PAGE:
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Disasters

Hello all
I was wondering about the disasters system will work. For example about natural disasters like floodings, will they behave according to the terrain?
Will there be thunder storms with lightning strike?
And another matter, will they be weather effected for example will rain extinguish fires?

Also a suggestion that you properly thought about it that when you speed time whenever a disaster happens, time will return to normal speed

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Disasters are still not in the game but planned.
Not sure about how many will be in the first release but each one we add will behave in the right way.
Once we have implemented fluid dynamics (unlocked as a goal in KS ) that would allow floods to behave realistically.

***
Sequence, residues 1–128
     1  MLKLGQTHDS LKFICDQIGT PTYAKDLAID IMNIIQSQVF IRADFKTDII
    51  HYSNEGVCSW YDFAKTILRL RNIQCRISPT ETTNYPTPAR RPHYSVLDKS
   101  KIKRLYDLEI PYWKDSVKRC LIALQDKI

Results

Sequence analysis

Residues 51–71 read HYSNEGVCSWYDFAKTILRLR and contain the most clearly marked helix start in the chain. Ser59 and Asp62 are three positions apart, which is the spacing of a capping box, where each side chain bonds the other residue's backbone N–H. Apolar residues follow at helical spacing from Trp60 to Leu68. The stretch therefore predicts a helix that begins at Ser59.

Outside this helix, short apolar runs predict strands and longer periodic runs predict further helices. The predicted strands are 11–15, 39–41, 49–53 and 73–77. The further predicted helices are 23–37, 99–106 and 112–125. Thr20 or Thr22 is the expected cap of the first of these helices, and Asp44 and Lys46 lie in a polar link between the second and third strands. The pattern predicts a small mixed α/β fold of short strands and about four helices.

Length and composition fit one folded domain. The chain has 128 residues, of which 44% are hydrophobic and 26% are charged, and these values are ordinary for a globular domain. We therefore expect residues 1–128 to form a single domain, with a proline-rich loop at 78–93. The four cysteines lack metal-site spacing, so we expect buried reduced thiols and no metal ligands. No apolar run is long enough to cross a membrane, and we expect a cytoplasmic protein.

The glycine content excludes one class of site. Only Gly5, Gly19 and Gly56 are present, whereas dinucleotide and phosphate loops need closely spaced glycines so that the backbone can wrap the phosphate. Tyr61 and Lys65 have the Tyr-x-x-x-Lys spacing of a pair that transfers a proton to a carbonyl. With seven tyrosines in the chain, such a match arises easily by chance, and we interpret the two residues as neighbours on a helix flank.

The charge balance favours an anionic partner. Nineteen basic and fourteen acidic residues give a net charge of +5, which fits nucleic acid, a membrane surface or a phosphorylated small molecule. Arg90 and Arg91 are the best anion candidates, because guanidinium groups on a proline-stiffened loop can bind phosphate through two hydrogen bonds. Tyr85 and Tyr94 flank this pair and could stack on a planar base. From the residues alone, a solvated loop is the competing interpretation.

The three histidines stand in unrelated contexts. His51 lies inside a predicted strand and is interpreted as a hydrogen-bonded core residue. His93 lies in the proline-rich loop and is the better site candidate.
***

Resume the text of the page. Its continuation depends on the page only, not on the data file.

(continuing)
Every map will have a different probability for different disasters; For instance, if after some years you already know you are living in a land with lots of heavy earthquakes, you better move to another land before building stone structures :wink:

The game already have a notification system with different levels of importance. Important notifications already make game time return to normal speed. Disasters very likely will trigger this kind of notifications when we add them to the game.